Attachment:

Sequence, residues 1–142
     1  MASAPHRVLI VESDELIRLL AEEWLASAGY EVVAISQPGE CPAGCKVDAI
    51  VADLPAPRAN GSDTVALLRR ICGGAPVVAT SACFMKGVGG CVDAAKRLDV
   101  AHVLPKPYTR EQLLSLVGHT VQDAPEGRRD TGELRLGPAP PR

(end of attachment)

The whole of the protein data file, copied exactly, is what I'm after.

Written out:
Sequence, residues 1–142
     1  MASAPHRVLI VESDELIRLL AEEWLASAGY EVVAISQPGE CPAGCKVDAI
    51  VADLPAPRAN GSDTVALLRR ICGGAPVVAT SACFMKGVGG CVDAAKRLDV
   101  AHVLPKPYTR EQLLSLVGHT VQDAPEGRRD TGELRLGPAP PR